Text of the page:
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amd.repetto avatar image
amd.repetto asked

With (nolock) locked by with (tablock)?

Hi, Let's say I have a table X (a huge one), I frequently run a truncate on it and after that I insert data using Insert into with (tablock). In parallel I usually run another query, a select statement with (nolock), but seems to be that when both process run at the same time, the select with (nolock) waits until the other one is finished. Is that ok? I mean is there some sort of hint conflict? or should I start looking at a different place to find the real problem? The problem should not be the truncate because only takes a few seconds. Also if I remove the with (tablock) in the insert the select waits, too. Any ideas here? Thanks in advance!
query hintsnolock
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Then what hint should I put on my select query to speed it up?
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You don't. Rewrite the query, or review your indexing strategy - work with the optimiser to get the best execution plan for your query, instead of overriding it
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I agree with what @Kev Riley says about this. There are, in certain circumstances, rare circumstances, hints you can use to speed a query. But there's no magic hint and that's what people think NOLOCK is. It's not. It's dangerous.
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Pavel Pawlowski avatar image
Pavel Pawlowski answered
If you run the TRUNCATE TABLE and the following INSERT in the same transaction, then the TRUNCATE TABLE is the issues. TRUCATE TABLE places SCH-M Lock on the table as you can reed on MSDN [TRUNCATE TABLE (Transact-SQL)][1] and the WITH(NOLOCK) table hint is not compatible with the SCH-M lock as you can find on MSDN [Table Hints (Transact-SQL)][2]. It states: > READUNCOMMITTED and NOLOCK hints apply only to data locks. All queries, including those with READUNCOMMITTED and NOLOCK hints, acquire Sch-S (schema stability) locks during compilation and execution. Because of this, queries are blocked when a concurrent transaction holds a Sch-M (schema modification) lock on the table. For example, a data definition language (DDL) operation acquires a Sch-M lock before it modifies the schema information of the table. Any concurrent queries, including those running with READUNCOMMITTED or NOLOCK hints, are blocked when attempting to acquire a Sch-S lock. Conversely, a query holding a Sch-S lock blocks a concurrent transaction that attempts to acquire a Sch-M lock [1]: https://msdn.microsoft.com/en-us/library/ms177570.aspx [2]: https://msdn.microsoft.com/en-us/library/ms187373.aspx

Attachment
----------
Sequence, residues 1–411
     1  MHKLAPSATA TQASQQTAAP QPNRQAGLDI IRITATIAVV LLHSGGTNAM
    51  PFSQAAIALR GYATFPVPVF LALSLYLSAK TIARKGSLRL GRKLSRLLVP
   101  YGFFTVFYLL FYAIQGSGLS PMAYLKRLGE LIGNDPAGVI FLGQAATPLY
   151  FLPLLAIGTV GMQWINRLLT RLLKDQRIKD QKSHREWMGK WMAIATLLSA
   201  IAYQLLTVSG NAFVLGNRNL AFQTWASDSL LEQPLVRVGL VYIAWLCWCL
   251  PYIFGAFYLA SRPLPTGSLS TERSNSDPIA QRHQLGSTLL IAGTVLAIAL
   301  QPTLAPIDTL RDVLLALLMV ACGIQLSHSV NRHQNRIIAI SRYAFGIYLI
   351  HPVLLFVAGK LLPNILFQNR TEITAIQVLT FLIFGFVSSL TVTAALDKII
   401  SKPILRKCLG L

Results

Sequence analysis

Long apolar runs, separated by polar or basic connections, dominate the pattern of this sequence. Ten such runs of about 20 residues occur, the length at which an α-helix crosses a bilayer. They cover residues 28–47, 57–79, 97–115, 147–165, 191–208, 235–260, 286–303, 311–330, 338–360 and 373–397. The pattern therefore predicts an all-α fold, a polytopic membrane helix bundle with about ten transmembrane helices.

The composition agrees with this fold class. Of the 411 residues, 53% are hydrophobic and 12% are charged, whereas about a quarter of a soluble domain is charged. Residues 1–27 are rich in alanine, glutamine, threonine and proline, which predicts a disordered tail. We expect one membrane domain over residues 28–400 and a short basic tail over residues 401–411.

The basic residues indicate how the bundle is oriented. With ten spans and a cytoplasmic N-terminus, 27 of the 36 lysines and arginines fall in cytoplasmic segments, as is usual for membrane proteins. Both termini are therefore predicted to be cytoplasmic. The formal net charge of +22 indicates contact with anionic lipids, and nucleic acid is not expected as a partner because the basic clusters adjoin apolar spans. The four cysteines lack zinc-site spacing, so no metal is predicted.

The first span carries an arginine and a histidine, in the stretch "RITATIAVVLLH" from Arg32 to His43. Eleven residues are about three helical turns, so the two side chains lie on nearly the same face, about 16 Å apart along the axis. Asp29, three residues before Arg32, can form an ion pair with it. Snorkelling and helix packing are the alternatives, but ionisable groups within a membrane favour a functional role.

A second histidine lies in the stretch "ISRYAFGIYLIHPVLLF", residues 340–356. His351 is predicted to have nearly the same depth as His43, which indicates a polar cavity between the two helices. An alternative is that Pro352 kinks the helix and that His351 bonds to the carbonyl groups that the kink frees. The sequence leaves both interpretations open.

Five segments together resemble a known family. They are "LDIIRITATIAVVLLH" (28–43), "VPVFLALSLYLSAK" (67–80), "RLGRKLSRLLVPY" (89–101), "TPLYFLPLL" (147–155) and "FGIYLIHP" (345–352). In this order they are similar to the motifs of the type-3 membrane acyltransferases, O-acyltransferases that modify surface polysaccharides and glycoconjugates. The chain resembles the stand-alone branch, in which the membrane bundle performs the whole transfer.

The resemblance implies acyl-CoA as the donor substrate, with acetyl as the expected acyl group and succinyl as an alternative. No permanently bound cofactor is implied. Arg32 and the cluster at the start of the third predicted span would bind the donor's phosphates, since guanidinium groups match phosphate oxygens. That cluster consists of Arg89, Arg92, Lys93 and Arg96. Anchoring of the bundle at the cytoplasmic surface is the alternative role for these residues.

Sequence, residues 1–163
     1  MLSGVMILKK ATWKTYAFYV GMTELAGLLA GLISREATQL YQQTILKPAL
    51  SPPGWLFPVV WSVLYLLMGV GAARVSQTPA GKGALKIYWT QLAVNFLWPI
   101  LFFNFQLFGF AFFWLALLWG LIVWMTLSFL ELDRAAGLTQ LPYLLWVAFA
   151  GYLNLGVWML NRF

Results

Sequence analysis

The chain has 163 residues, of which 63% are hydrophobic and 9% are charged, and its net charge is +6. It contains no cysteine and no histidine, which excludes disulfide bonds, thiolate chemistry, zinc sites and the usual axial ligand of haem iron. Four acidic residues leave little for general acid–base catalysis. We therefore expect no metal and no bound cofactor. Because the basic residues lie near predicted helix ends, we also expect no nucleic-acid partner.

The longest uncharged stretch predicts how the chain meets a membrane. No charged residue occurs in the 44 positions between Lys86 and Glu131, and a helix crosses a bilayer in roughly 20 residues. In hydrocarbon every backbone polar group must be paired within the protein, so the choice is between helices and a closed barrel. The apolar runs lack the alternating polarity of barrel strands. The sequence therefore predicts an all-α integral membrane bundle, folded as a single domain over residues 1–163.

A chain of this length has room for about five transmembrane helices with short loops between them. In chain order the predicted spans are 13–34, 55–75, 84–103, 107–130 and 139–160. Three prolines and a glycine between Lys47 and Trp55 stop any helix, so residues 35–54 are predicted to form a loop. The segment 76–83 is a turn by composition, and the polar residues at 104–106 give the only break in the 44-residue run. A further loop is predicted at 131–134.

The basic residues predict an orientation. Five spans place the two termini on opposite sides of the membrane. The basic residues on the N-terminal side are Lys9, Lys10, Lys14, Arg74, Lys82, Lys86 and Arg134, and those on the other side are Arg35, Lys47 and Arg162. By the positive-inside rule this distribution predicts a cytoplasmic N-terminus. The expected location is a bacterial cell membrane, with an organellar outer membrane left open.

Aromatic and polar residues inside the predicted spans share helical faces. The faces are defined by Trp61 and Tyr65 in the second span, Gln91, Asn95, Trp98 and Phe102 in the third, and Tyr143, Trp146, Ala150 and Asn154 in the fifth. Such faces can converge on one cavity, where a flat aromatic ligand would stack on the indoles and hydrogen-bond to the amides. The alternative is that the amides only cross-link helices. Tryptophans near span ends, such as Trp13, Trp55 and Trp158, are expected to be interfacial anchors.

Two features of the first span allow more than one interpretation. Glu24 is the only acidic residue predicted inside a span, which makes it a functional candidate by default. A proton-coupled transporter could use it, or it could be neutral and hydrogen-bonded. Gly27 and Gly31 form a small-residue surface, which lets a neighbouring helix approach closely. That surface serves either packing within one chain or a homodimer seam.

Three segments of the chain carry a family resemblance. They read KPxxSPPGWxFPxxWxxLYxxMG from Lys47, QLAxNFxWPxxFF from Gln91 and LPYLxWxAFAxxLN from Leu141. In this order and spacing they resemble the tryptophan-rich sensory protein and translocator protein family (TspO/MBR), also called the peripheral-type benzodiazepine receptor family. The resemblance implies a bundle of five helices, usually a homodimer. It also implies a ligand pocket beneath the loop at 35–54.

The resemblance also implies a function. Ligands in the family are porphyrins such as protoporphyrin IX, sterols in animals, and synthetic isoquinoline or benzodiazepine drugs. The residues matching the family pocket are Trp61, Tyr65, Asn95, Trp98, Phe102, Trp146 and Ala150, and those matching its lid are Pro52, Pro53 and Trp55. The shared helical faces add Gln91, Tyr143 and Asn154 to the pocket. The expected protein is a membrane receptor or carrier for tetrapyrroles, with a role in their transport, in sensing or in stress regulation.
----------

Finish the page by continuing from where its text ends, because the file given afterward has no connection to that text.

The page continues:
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Yah, TABLOCK will put an exclusive lock, but eg. to achieve bulk insert in case of INSERT...SELECT into a heap, it is necessary to use it to achieve BULK insert, otherwise the insert will be fully logged and it will slow down the insert. But Of course the DB has to be in bulk or simple recovery mode.
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Thank you Pavel, now I see the problem. Also reading about the locks you mentioned I realized that the tablock on an insert produces the same results as tablockX - i.e. An exclusive lock is taken on the table (I read it on msdn, https://msdn.microsoft.com/es-uy/library/ms174335.aspx)
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Grant Fritchey avatar image
Grant Fritchey answered
Yeah, stop putting lock hints all over your queries, especially NOLOCK. It's dangerous.
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Yep, I know :) It is a legacy process that I'm trying to understand to improve it later. But I think that nothing is dangerous when you know why you use it (and the given situation justifies it of course)
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